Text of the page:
YOUTUBE VIDEO: “What will you do differently when you leave this room?” – during his keynote address at Stormwater 2016, Kim Stephens challenged Australian water resource practitioners to ‘convene for action’

Note to Reader:

kim-stephens_2016-stormwater-australia_keynote_road-map-slideThe keynote presentation by Kim Stephens at the 2016 Rising to the Challenge Conference organized by Stormwater Australia was structured in five parts: a front-end that set the context, followed by four ‘modules’ that elaborated on the theme “parallel journeys” and provided perspective regarding and insight into the “top-down & bottom-up” approach that characterizes collaboration in the British Columbia local government setting.

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Parallel Journeys to a Resilient Future: Water Cycle / Water Balance Approaches in Australia and British Columbia – 2001 to 2016 and Beyond

In 2001, Kim Stephens was keynote speaker for an Urban Water Cycle Management Capacity Building Program for local governments in the Hunter Valley of New South Wales, Australia. The event was titled Challenges and Opportunities for Water Sensitive Urban Development. It was a seminal moment for cross-pollinating Australian and British Columbia experience, and for relationship-building. This has led to ongoing sharing and learning from each other.

Rising to the Challenge

At that 2001 conference, Kim Stephens remarked on our parallel worlds and how they revolve around a shared vision for Water Cycle (or Water Balance) management. Fast forward to August 2016. His keynote presentation at Stormwater 2016: Rising to the Challenge, a national conference held in Queensland (Australia), provided him with a platform for reflecting on “parallel journeys” during the period 2001 through 2016.

dsc_0353_kim-stephens_australia1_aug2016_500pHe explained how a changing climate resulted in “teachable moments” in British Columbia; and how a “regional team approach” guides implementation of a vision for Sustainable Watershed Systems, through Asset Management.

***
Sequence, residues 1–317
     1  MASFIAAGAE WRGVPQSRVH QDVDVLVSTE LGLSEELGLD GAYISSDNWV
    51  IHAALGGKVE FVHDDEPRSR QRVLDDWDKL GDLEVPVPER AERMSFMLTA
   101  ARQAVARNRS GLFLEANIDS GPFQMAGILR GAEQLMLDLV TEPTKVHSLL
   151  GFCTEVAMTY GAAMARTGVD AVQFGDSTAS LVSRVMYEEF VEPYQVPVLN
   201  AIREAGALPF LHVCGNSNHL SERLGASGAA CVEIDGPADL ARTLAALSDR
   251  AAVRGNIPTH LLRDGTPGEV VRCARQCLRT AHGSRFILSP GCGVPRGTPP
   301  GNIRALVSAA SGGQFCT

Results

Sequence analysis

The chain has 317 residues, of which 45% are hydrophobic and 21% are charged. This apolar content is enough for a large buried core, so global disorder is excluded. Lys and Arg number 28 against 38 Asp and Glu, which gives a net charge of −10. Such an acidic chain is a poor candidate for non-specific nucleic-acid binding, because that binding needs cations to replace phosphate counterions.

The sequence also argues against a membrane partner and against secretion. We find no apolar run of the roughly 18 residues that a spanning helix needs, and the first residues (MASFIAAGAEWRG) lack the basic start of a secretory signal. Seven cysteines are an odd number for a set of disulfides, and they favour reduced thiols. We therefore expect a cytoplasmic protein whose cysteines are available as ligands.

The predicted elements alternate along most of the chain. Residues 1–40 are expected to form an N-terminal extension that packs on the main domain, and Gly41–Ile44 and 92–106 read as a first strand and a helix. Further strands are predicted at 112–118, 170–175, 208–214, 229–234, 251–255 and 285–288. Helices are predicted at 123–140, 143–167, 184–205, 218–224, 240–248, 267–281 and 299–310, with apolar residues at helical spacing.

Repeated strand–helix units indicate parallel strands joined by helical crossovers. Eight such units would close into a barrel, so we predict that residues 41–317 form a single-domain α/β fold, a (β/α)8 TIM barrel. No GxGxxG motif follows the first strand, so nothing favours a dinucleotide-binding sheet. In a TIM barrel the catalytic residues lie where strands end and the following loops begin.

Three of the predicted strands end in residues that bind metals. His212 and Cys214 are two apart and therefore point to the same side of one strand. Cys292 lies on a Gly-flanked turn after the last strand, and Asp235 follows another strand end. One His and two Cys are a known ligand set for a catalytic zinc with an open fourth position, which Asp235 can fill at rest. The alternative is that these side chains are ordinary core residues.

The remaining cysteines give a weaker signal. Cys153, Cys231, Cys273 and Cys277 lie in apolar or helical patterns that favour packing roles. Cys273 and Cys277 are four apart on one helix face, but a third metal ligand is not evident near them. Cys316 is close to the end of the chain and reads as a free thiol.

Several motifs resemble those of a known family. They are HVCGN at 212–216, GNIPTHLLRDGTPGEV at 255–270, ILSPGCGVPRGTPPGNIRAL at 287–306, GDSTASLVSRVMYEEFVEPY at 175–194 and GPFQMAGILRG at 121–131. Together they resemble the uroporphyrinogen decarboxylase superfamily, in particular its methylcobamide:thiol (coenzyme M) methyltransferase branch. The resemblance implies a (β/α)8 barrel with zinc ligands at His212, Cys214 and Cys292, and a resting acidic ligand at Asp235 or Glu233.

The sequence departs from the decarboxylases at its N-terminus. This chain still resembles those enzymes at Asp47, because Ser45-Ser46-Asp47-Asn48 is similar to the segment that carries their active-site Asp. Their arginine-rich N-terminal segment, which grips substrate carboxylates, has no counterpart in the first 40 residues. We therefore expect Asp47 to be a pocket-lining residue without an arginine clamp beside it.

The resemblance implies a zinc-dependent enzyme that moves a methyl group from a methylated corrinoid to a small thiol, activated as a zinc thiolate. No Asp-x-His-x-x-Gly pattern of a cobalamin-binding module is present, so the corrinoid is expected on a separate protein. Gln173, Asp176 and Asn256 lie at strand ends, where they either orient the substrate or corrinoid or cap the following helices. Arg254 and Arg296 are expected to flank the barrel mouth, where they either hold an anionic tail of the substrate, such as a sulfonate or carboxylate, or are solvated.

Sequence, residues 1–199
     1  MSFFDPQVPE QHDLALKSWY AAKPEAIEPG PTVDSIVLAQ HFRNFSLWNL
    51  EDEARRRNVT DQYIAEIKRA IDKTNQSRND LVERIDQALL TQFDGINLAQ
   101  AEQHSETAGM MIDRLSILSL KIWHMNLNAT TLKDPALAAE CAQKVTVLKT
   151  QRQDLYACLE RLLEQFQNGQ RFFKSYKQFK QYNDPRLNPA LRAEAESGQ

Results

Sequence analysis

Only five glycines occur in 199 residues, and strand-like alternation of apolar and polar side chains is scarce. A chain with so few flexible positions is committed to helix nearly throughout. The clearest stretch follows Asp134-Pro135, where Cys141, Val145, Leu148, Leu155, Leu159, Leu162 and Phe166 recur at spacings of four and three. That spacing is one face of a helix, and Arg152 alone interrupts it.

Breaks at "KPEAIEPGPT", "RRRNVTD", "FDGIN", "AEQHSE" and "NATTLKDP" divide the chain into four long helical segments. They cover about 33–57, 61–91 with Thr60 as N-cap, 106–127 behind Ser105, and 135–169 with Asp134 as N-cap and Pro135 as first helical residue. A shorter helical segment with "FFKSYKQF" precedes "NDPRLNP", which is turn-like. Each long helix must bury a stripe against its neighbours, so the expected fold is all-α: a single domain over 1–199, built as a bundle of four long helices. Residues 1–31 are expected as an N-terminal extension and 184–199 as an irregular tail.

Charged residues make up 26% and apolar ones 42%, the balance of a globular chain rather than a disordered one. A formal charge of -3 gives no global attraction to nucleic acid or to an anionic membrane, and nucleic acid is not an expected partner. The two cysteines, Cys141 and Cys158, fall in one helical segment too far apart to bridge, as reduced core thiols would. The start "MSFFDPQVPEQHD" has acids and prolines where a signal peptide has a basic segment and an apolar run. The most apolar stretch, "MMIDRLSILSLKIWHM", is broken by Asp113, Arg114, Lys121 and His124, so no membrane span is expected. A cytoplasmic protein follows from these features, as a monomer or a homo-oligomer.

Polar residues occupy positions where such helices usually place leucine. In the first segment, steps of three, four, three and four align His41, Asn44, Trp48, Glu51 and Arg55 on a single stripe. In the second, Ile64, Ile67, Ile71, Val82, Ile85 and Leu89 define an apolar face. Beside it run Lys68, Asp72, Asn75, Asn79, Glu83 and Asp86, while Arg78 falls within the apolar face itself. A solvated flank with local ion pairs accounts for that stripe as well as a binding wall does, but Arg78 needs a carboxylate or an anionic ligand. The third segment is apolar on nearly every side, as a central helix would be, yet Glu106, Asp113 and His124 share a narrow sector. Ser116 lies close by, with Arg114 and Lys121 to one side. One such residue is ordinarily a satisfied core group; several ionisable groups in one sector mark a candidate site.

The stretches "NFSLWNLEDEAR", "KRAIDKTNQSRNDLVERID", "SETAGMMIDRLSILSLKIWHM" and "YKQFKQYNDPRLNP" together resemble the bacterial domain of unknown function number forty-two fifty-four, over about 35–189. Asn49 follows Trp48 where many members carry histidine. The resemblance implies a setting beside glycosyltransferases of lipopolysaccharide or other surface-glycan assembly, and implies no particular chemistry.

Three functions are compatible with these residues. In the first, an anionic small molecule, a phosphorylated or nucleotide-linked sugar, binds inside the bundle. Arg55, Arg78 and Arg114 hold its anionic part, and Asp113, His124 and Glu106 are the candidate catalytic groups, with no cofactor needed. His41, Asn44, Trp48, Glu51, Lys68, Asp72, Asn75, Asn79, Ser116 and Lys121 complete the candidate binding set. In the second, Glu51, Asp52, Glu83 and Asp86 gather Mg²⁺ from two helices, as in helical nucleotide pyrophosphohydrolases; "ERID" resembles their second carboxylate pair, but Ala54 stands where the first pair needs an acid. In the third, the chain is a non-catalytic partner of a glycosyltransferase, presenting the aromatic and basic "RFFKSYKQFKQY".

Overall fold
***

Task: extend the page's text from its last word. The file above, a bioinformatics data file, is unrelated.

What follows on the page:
He described how British Columbia is responding to the impacts of a changing climate, and he commented on Australia’s “top-down” type of governance versus BC’s “top-down & bottom-up” approach to implementing changes in water and asset management practices.

About Kim Stephens:

An engineer-planner, Kim Stephens has more than four decades of experience. This covers the continuum of water resource and infrastructure engineering issues and applications, from master planning and modelling to implementation of capital projects.

Kim Stephens is the Executive Director, Partnership for Water Sustainability in British Columbia. He is responsible for program delivery and evolution for Water Sustainability Action Plan for British Columbia, released in 2004.

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Convening for Action

The Convening for Action in British Columbia initiative is aimed at building capacity through improving awareness about effective approaches to the sustainable use of water resources and demonstrating how to integrate these approaches into land and resource planning, development and management decisions at the regional, community through to site levels.

Convening for Action calls for moving from defining the problems (the ‘what’), to determining options (the ‘so what’) and taking action to achieve results (the ‘now what’).

The initiative supports innovation on-the-ground. It is creating opportunities to embrace all components of the water cycle through integrated water management. It is turning ideas into action by building capacity and understanding regarding integration of long-term, strategic planning and the implementation of physical infrastructure.

To Learn More:

Download KEYNOTE ABSTRACT for an overview of the “BC story” that Kim Stephens shared at Stormwater 2016: Rising to the Challenge.

Visit the Convening for Action Community-of-Interest at http://waterbucket.ca/cfa/

Download POWERPOINT PRESENTATION to view the 45 slides comprising the storyline for the keynote address by Kim Stephens.

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